Monday, March 3, 2008

Wine Book Club First Edition: The Roundup

When Dr. Debs at Good Wine Under $20 first proposed the idea of a blogosphere-wide Wine Book Club, I knew there would be some big hurdles to surmount. Foremost among them would be the grey area between good intentions and the dulling effects of time. How many people, at first seemingly enthusiastic, would hang in there through reading a full book – no matter the length – over a two month period of time and then putting their thoughts in print? It’s a bigger nut to crack than simply opening a bottle, sipping and writing about it, as in Wine Blogging Wednesday, the monthly meme on which the Wine Book Club idea was loosely based. I also wondered about the viability of an event in which every participant was not just writing about the same theme but about the exact same item. Would there be enough diversity in the end products – the reviews – to merit interest from people beyond the individuals participating?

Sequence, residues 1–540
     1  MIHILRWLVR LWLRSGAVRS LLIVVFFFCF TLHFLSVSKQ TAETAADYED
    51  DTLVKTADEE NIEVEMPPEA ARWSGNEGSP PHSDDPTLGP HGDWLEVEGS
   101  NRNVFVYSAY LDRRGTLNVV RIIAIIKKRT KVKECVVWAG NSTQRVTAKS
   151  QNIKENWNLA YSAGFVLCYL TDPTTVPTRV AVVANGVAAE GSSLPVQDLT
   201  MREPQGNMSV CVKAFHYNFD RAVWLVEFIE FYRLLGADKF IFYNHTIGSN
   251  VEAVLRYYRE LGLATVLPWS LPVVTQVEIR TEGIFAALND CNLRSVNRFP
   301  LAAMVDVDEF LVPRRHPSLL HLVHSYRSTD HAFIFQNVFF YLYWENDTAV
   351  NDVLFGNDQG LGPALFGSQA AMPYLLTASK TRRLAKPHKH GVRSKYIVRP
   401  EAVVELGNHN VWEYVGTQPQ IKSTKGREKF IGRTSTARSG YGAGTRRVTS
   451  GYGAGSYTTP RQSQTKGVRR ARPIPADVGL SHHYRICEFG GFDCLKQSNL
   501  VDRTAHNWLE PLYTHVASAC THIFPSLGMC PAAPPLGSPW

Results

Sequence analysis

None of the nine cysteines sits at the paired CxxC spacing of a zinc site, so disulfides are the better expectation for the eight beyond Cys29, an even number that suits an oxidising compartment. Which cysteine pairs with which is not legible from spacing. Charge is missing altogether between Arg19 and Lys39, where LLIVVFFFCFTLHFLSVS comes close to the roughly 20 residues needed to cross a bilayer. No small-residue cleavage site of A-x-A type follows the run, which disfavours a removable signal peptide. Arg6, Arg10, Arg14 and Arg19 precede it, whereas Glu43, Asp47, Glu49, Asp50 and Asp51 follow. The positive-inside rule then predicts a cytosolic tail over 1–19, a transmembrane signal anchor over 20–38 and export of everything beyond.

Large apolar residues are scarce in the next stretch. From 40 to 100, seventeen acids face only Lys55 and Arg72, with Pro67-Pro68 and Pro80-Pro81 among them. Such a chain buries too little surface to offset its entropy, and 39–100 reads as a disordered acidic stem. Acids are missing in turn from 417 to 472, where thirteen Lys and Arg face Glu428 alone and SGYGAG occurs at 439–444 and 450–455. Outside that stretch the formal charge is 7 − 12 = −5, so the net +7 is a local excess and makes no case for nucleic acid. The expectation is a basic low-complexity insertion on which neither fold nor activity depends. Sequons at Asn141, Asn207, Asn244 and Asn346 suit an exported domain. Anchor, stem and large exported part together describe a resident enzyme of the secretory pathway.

I was willing to find out on both counts, placing any concerns aside and happily signing on to host the initial event. For our first edition, we selected Vino Italiano: The Regional Wines of Italy, by Joseph Bastianich and David Lynch. As a first choice, VI presented some known pros and cons. A general overview of the world of Italian wines was, we thought, a subject broad enough to appeal to a wide audience. On the other hand, its 500-plus pages might present a bit of a deterrent.